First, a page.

I'm writing an autorigger in Python for Maya to create game rigs for Unity. I come from the cinematic world, and I am aware that some of the rigging methodologies for cinematic rigs don't work well with game rigs.
My workflow is as follows: I have a Bind skeleton that is skinned to the mesh. My script creates a separate Control rig with control joints (IK and FK), controls and other deformers that manipulate the bind skeleton. The bind skeleton joints are connected to the relevant control rig joints.
I have a few questions that I hope you could help me to setup my control rig:
1. Stretchy limbs - Can I use the scale channels to stretch the limbs or should I use only the translation ones to do so? This is particularly relevant to creating a stretchy spine using a spline IK setup and streching the joints based on the length of the spline curve. I read some conflicting information on the subject, and I would appreciate some clarification.
Connecting Bind skeleton to Control rig - What would be the most efficient way to do so, based on the fact that the animations will be baked out? Should the Bind skeleton be connected via constraints (orient, point/parent for stretch based on translation, scale)? Can I use direct connections, for example blendColor nodes to drive the translations and rotations of the Bind skeleton?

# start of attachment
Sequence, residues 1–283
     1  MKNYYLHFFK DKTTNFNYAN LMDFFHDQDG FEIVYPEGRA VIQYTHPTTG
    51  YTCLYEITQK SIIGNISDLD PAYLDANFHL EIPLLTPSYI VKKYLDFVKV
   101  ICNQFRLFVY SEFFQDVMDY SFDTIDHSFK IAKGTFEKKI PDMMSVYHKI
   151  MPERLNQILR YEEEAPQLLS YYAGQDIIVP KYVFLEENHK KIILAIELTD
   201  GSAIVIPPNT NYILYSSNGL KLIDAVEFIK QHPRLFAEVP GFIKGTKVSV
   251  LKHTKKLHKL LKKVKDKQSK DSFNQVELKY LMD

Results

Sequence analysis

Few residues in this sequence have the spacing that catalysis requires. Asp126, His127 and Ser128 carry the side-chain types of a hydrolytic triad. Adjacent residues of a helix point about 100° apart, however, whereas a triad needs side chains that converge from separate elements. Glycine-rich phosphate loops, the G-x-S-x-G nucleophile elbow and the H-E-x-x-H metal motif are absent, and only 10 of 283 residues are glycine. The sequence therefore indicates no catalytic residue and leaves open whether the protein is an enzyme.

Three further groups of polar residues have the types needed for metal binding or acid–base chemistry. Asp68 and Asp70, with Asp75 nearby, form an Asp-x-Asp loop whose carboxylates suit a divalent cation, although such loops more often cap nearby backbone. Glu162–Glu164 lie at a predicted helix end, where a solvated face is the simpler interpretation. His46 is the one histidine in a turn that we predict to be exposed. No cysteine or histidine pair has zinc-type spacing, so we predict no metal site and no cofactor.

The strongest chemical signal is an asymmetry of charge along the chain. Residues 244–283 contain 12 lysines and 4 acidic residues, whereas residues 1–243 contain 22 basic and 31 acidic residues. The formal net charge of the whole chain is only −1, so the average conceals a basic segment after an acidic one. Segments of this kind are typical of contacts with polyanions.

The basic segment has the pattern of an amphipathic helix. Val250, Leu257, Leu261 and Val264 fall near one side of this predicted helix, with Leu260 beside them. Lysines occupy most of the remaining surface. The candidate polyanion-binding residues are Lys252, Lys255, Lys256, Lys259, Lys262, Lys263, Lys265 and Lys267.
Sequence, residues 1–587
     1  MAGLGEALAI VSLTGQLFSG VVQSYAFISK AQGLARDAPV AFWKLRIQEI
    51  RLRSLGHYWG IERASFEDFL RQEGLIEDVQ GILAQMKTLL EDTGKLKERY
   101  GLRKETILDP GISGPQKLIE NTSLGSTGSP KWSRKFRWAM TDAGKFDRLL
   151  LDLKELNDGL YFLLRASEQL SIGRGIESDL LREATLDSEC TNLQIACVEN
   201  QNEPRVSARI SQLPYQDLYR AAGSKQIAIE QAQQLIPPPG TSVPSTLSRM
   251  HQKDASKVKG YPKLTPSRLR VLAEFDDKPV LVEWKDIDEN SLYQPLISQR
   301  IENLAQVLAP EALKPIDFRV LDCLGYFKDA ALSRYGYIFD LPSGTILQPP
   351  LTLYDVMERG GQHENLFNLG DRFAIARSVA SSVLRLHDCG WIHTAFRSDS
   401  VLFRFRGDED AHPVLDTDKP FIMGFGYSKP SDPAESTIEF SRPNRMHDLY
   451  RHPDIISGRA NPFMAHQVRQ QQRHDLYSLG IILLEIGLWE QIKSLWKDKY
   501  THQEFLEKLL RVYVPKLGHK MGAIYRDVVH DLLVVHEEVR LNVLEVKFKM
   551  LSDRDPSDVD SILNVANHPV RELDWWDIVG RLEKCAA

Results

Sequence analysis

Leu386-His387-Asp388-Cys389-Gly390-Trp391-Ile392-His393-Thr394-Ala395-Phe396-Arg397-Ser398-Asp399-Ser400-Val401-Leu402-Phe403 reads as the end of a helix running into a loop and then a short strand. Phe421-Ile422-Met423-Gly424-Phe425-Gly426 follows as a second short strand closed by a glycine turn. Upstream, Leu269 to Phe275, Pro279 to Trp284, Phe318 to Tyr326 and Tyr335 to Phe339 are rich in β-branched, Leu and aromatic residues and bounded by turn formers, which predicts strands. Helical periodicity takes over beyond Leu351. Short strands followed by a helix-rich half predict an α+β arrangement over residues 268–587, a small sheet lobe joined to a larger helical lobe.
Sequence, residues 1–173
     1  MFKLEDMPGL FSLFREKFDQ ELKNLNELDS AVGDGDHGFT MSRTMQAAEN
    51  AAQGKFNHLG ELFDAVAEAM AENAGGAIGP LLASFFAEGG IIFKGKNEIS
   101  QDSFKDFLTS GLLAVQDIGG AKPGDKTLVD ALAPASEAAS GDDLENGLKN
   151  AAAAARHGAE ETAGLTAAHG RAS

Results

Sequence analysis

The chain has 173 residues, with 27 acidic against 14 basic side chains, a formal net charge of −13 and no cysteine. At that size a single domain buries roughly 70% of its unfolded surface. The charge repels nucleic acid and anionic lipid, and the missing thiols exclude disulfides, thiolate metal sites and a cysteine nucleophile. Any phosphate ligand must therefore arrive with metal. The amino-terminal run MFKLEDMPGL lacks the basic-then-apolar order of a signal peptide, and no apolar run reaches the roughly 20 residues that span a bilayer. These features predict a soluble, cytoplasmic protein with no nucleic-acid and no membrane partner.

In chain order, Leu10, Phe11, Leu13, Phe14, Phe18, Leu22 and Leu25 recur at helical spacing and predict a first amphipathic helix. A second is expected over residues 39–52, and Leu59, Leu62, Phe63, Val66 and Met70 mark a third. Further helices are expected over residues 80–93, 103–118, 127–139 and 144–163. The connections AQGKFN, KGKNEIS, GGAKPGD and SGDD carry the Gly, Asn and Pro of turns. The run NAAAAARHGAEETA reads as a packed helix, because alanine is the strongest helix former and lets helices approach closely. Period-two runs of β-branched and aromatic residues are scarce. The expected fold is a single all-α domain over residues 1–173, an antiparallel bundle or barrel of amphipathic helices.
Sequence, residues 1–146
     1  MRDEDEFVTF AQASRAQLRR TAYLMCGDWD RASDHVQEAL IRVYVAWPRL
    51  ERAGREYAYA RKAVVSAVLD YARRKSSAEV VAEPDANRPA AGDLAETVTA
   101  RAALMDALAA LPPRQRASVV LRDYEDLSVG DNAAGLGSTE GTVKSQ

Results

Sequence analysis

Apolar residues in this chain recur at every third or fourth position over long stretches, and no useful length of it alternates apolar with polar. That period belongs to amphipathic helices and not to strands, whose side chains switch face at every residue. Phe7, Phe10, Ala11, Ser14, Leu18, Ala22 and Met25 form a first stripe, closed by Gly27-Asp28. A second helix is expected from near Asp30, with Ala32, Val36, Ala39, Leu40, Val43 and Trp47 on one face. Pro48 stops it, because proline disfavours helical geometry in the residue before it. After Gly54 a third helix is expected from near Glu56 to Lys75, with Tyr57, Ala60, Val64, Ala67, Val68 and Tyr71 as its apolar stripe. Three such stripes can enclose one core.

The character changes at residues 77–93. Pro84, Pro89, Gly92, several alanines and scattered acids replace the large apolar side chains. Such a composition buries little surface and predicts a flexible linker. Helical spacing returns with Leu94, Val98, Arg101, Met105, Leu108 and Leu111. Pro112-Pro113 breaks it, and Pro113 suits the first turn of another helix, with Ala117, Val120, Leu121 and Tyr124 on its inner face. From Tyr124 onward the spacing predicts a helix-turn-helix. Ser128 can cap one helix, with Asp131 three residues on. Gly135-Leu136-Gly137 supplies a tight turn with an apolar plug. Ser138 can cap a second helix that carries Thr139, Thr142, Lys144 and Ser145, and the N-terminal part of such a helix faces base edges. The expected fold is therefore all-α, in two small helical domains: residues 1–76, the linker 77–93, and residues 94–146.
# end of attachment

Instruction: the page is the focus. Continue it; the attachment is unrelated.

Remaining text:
Primary joint orientation - Is there a preference for Unity? Maya's default is X-down. I find it more logical to use Y-down, with X as secondary axis and secondary world orientation
T-pose vs. A-pose - I see a lot of game models in the standard T-pose. The main advantage is that this pose allows for any character to fit a standardized skeleton vs a relaxed, A-pose. On the other hand, when it comes to binding the mesh, you get unwanted deformations and stretching especially on the shoulders, clavicles, upper torso and arms. Now, it's obviously a lot easier also to build a rig in the T-pose, where there's less chance of encountering strange rotations, especially when IK setups need to be on a flat plane. My question is: Would it make sense to 1)model the mesh in a relaxed pose, 2) create a standard T-pose Bind skeleton, 3) save keys on frame 0 for all Bind joints, 4) rotate the joints to match the relaxed pose, 5) skin/weight paint the mesh to the Bind skeleton and 6) reset to frame 0 in order to apply the rig back as a T-pose?
Facial rigs - The 64-million dollar question: joint based vs. blendshapes? How well does Unity deal with blendshapes these days? Any advantage of one over the other for game rigs?
I appreciate your comments. I'm sure a lot of people encounter similar issues and hope these questions could answer theirs as well. If you can also explain the logic behind your answer, that would be great!